Ghana will donate trees to restore Lebanon's forests, following devastating wildfires that ravaged southern and central parts of the country earlier this week.
The leader of the Higher Relief Commission in Lebanon, Mohammad Khair, confirmed the donation from the western African nation, The 961 reported.
Khair received a call from the Lebanese ambassador in Accra, sharing Ghana's willingness to send seedlings and trees to address the damage caused by Tuesday’s wildfires.
Ghana's donation is the latest in a series of international aid efforts.
"We have contacted the Europeans who will send means of help," Prime Minister Saad Hariri said in comments carried by national news agency NNA on Tuesday.
Cyprus provided two planes to help battle the fires alongside 200 vehicles from the Lebanese Civil Defence.
Lebanese Interior Minister Raya al-Hassan tweeted that she had chaired a meeting Tuesday of a disaster response committee. She said that Greece would also be sending helicopters and Jordan says it will also assist, she said.
At least 180 people were injured in the fires, The New Arab's Arabic-language site reported.
One volunteer firefighter, identified as 32-year-old Salim Abu Mujahed, died as a result of a heart attack while trying to put out the fires in his hometown, Betater, in the Chouf mountains.
Firefighters desperately tried to put out at least 103 forest blazes that raged across the country on Tuesday, as fires which started on Monday morning in the Chouf area of central Lebanon spread rapidly overnight.
Interior Minister Hassan said most of the fires had been extinguished by Wednesday morning in an interview on MTV.
Dry conditions and strong winds helped the fires spread and videos showed residents fleeing their homes in terror.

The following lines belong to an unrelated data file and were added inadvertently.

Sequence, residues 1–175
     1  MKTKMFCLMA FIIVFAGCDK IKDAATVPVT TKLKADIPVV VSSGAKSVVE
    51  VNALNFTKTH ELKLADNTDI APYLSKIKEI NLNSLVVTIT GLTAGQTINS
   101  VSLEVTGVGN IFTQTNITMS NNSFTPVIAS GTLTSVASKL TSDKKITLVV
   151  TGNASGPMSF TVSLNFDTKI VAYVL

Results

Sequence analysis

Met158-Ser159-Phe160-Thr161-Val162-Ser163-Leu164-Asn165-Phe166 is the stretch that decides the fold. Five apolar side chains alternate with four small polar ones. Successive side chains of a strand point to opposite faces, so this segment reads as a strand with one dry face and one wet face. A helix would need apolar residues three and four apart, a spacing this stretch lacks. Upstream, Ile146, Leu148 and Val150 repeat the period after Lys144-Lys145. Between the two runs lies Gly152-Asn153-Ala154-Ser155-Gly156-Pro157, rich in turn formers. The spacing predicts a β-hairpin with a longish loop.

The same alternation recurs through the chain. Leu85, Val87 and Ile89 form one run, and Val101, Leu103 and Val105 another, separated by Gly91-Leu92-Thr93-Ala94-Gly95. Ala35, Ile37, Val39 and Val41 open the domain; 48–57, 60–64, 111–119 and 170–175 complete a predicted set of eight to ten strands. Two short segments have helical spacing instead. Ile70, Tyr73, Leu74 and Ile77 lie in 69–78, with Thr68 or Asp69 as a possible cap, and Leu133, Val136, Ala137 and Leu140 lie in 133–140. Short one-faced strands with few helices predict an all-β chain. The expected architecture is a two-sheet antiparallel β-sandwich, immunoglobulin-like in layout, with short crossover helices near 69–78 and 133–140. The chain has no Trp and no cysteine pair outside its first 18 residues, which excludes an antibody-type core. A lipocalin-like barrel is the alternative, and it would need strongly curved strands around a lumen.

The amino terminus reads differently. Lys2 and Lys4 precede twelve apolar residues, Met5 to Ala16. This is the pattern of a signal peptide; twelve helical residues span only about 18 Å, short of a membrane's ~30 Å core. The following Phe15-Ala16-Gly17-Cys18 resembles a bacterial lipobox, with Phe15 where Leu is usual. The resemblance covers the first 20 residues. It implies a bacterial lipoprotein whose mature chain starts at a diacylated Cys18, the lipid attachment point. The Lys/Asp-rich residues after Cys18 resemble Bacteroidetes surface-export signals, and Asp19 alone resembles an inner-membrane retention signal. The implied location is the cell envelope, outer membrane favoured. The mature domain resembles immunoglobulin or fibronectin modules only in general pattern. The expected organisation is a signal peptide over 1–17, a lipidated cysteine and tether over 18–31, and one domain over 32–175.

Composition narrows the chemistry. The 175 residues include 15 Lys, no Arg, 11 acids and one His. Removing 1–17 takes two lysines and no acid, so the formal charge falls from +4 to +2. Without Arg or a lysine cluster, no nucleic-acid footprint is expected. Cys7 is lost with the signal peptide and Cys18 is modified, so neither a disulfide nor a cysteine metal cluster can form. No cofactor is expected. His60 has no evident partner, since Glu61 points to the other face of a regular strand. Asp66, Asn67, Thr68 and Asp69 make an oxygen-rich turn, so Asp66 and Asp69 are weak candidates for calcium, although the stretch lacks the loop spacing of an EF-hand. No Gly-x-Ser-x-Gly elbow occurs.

"We're speaking of many square kilometres; the fire was jumping from hill to hill due to the high winds," Khattar told the Lebanese newspaper The Daily Star.
A resident of the Metn area told Lebanese journalists, "We woke up at 4:30[am] and the world was red".
"The fire was going over the building," a member of the Civil Defence said.
Lebanese Environment Minister Fad Jreissati said that Tuesday that the country would be at risk of further blazes over the coming days. He also said that some of the fires may have been deliberately started.
"At some point we have to execute people who set fires," he said.
The Lebanese government has faced criticism for the spread of the fires, with three army Sikorsky helicopters - specialised in fighting fires - out of action due to a lack of funding for maintenance, The Daily Star reported.
The helicopters were acquired by Lebanon in 2009 but had ceased functioning five years ago.
They can carry 4,000 litres of water, while the Lebanese army were using helicopters which can only carry 700 litres in their efforts to fight the fires.
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